Monday, December 20, 2010
Lunar Eclipse Tonight!Posted by Kirk Mona in: Astronomy Eclipse Science
Tuesday, December 21st is the winter solstice, the shortest day of the year. Nature's providing us a special gift to get us though the night. This year, the solstice brings us a Lunar Eclipse visible early Tuesday morning.
What causes an eclipse?
Lunar eclipses occur when the moon passes into the shadow of the Earth. Interestingly, the moon does not completely disappear but rather dims and changes color. It remains illuminated by light that filters though the Earth's atmosphere. It often turns orange but this year some are predicting a blood red moon due to higher amounts of volcanic ash in the atmosphere. One interesting thing to look for is the edge of the shadow on the moon. The shadow has a rounded edge thus demonstrating that the Earth itself is round.
Where to view it.
The eclipse will be visible across North America and the Twin Cities will be no exception. There are a couple of challenges, 1) It will likely be cloudy, 2) It will be cold and 3) it will be late at night.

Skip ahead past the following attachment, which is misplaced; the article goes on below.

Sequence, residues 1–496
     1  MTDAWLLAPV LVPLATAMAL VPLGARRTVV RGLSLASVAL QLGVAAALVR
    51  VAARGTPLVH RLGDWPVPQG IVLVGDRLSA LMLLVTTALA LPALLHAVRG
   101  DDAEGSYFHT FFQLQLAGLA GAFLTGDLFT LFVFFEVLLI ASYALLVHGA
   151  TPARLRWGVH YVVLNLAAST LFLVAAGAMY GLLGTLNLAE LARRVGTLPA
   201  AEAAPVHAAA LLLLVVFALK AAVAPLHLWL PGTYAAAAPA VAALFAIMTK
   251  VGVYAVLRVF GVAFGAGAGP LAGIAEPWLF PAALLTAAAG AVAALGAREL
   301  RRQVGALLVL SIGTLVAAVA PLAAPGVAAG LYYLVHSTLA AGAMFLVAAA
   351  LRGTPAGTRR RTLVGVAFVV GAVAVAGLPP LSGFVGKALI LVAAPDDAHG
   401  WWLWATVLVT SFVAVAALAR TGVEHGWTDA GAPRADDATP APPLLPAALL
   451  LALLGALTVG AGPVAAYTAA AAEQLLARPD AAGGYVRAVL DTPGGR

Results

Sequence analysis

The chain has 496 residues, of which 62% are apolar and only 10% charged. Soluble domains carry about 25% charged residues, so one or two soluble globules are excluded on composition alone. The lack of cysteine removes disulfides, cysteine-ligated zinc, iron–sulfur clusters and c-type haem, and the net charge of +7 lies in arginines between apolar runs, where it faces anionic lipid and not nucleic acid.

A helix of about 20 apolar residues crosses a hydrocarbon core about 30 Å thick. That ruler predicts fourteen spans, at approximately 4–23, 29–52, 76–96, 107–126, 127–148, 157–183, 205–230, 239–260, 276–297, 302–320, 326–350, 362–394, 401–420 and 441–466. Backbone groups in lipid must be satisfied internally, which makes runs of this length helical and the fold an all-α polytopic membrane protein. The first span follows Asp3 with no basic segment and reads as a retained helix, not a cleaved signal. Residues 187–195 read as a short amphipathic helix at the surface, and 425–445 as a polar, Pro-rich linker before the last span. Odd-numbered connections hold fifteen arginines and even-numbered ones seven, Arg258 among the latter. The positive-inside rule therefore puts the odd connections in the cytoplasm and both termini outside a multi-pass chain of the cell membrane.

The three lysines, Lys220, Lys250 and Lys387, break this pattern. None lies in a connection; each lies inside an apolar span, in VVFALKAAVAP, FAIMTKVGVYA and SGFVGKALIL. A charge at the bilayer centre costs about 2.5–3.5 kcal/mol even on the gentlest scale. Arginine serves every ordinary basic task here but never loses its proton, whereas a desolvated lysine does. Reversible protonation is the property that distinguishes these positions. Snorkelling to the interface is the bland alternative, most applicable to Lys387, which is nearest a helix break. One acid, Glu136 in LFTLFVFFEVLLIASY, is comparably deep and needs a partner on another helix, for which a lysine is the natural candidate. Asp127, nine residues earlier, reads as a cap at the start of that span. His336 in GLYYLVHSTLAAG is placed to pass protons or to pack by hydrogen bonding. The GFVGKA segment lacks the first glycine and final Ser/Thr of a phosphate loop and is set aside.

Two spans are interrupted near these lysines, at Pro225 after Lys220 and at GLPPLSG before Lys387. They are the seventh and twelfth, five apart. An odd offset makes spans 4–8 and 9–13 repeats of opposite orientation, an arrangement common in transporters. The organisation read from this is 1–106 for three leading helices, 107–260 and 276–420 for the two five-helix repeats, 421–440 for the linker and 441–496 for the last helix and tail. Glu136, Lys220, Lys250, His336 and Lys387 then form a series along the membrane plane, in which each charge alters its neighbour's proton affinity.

The current forecast does call for clouds but we'll have to see what actually happens. As far as the cold, a lunar eclipse can be viewed comfortably from inside as long as you can see the moon though a window. There's nothing to be done about the time though. The eclipse begins at 1:41 a.m. CDT on Monday Night/Tuesday morning. It is not a fast event, it takes a while for the shadow to cover the moon. Unlike a solar eclipse, which lasts only a short time, the moon will stay in the Earth's shadow for about an hour.
Knowing that it will likely be cloudy, die hard lunatics can watch the eclipse streamed live over the web. One option is to open Google Earth. You can click on the planets icon in the toolbar and switch to "Sky Mode.
In the layers panel, open the "Sky Database folder", then open the "Current Sky Events" folder and make sure the "Sloop Space Camera" is checked.
Probably an easier option is to head over to NASA where they are doing a more traditional web stream of the eclipse.